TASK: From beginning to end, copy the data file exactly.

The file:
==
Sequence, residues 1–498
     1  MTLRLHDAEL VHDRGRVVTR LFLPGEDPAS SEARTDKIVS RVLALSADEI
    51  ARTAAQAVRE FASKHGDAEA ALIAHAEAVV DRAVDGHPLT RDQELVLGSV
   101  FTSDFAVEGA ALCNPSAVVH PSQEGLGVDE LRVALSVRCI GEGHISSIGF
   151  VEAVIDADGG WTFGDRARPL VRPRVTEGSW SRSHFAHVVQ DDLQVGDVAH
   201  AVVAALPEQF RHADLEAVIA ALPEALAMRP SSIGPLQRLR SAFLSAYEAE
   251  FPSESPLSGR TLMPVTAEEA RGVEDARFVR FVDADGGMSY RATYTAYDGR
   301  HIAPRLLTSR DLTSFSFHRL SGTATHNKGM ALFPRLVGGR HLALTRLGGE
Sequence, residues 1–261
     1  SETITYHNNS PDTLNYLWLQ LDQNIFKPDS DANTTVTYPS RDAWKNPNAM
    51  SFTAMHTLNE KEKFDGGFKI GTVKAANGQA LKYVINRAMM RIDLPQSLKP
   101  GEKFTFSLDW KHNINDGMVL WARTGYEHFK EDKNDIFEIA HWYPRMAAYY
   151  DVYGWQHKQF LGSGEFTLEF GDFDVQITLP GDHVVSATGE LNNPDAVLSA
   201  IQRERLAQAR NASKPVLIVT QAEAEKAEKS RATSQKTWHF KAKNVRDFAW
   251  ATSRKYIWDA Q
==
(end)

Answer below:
Sequence, residues 1–498
     1  MTLRLHDAEL VHDRGRVVTR LFLPGEDPAS SEARTDKIVS RVLALSADEI
    51  ARTAAQAVRE FASKHGDAEA ALIAHAEAVV DRAVDGHPLT RDQELVLGSV
   101  FTSDFAVEGA ALCNPSAVVH PSQEGLGVDE LRVALSVRCI GEGHISSIGF
   151  VEAVIDADGG WTFGDRARPL VRPRVTEGSW SRSHFAHVVQ DDLQVGDVAH
   201  AVVAALPEQF RHADLEAVIA ALPEALAMRP SSIGPLQRLR SAFLSAYEAE
   251  FPSESPLSGR TLMPVTAEEA RGVEDARFVR FVDADGGMSY RATYTAYDGR
   301  HIAPRLLTSR DLTSFSFHRL SGTATHNKGM ALFPRLVGGR HLALTRLGGE
Sequence, residues 1–261
     1  SETITYHNNS PDTLNYLWLQ LDQNIFKPDS DANTTVTYPS RDAWKNPNAM
    51  SFTAMHTLNE KEKFDGGFKI GTVKAANGQA LKYVINRAMM RIDLPQSLKP
   101  GEKFTFSLDW KHNINDGMVL WARTGYEHFK EDKNDIFEIA HWYPRMAAYY
   151  DVYGWQHKQF LGSGEFTLEF GDFDVQITLP GDHVVSATGE LNNPDAVLSA
   201  IQRERLAQAR NASKPVLIVT QAEAEKAEKS RATSQKTWHF KAKNVRDFAW
   251  ATSRKYIWDA Q